Dr. Joel Kimmons, Center for Disease Control & Prevention, Joins the Team for a Wide-Ranging Discussion of Food, Nutrition, and Wellness
Episode 6 featured an interview with the star of the Breaking Blind channel on Youtube, Maureen Bassmaster. This time we feature a short audio clip from BB. MB uses her activity tracker on a walk to the grocery store.
In the News, Kathleen covers the book, Always Climb Higher. We learn about our USA Men’s Goalball Teams victories in Vancouver on their Road to Rio. From the Denver Post, we learn more about our blind colleague and friend, Jason Romero as he gets ready to embark on his Run Across America from Los Angeles to Boston, in 64 days. Really? Wow!
WE Fit Wellness™ seeks people with disabilities in the performing arts. Calling actors, singer/song writers, impressionists, comics, dramatists. Maybe you can find your fit on a future WE Team production. Call 866-543-6808, or email FindYourFit@wefitwellness.com.
On Fit Chat, we talk a little Blind Alive, Eyes-Free Fitness. We thank Mel Scott for her contribution to the community of total well-being.
Jessica talks about the need for more research in the area of overcoming barriers to encourage recreation and exercise for people with disabilities. She cites Healthy People 2010 and Physical Activity Participation Among Persons with Disabilities: Barriers and Facilitators from the American Journal of Preventative Medicine. Send your ideas and solutions for increased exercise and activity.
Colorado Center for the Blind increases opportunity for recreation outdoors and indoors: rock climbing, river rafting, skiing, and yoga.
In this episode’s Two-Minute Flashback, Amazing Amelia Dickerson, highlighted in episode 4, tells us a little about her journey. She wants to run, she wants to run, she wants to run!
Our guest is Dr. Joel Kimmons, an expert on epidemiology and nutrition at the Center for Disease Control and Prevention. We visited with Dr. Kimmons for a wide-ranging discussion over coffee, not far from his office in Atlanta. Joel says, don’t think so much about nutrition or the big, bad obesity; think about tasty, healthy food. He urges blind vendors in the Randolph-Sheppard program and other companies who manage concessions on government buildings to step up. He compliments the National Automatic Merchandising Association for their FitPick®, which, in some ways, exceeds the Health & Sustainability Guidelines. Kimmons says the Health & Sustainability Guidelines were based on the Dietary Guidelines for Americans.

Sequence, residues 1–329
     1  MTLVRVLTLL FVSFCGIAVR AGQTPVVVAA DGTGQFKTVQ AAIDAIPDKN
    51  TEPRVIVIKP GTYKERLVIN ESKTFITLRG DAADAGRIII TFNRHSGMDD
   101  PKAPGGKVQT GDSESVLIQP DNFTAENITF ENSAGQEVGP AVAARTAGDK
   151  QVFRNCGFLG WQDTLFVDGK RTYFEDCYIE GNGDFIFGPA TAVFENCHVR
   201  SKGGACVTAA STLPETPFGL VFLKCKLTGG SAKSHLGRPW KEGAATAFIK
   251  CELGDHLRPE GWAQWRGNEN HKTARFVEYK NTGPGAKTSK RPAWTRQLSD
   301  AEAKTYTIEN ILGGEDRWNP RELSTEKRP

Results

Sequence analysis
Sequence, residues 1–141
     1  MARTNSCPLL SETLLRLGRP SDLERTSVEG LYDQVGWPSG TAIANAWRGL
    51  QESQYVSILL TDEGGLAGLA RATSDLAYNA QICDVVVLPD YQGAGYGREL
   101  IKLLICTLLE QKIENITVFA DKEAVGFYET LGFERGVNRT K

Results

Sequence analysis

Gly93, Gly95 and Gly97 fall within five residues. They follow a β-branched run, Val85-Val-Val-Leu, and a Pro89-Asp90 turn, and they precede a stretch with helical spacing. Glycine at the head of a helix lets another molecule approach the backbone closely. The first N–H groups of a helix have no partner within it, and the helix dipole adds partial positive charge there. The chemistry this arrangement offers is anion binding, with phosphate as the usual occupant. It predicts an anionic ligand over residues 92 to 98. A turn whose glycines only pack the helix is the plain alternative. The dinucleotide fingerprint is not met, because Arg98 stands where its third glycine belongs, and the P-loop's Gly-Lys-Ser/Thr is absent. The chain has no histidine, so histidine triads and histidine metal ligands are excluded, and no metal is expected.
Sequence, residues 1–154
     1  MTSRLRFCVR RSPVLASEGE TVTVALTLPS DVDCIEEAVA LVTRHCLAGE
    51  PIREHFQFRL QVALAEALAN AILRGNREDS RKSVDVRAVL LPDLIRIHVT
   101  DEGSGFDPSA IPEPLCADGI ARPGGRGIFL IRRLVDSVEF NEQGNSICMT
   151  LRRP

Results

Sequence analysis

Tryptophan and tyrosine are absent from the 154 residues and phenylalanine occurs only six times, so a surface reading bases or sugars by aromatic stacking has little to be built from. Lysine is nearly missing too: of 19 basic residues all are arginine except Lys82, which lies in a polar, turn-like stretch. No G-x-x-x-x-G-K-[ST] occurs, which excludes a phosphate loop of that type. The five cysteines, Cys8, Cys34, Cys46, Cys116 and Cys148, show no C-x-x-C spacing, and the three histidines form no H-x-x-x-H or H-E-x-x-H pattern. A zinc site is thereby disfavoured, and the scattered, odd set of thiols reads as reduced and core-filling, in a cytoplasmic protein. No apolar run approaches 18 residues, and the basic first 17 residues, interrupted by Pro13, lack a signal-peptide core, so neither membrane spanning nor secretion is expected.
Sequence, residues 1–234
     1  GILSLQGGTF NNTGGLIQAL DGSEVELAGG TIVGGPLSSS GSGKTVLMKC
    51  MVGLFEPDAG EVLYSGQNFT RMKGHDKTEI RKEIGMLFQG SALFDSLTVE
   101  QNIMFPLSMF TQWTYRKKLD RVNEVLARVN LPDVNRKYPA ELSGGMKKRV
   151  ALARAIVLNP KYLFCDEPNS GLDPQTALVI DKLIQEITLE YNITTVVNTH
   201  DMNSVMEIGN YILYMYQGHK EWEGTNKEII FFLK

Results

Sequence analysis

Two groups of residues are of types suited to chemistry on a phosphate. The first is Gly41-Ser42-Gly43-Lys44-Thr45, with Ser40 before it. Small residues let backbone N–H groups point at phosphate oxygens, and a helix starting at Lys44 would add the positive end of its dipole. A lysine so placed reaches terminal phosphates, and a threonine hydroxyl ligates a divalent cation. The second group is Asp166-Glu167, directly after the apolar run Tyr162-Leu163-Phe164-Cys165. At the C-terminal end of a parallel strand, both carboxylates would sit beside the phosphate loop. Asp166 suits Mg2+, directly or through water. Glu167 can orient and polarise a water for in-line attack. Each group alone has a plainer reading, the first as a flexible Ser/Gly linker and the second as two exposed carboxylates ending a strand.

The Doctor compliments many blind vendors and restaurant start-ups across the country that sell healthy food and make good money doing it. Worley slams the Monsanto’s, McDonald’s, and Coca Cola’s of the world, the marketing machine for conditioning people to eat bad, processed foods.
Lower calorie cookies and crackers are not really food. Kimmons says, what comes from the farm is good food. Plain ol’ good food. Kimmons says that access to exercise and nutrition for people with disabilities is a matter of civil rights. Worley asked Kimmons if he actually said, as has been reported, “When blind vendors sell junk food, it is the same as if they were dealing crack.” Kimmons says no, “I believe folks want a sweet pick-me-up snack in the afternoon.” We just have to find ways to provide fresh, nutritious food and many blind vendors are doing just that, and earning a good living doing it.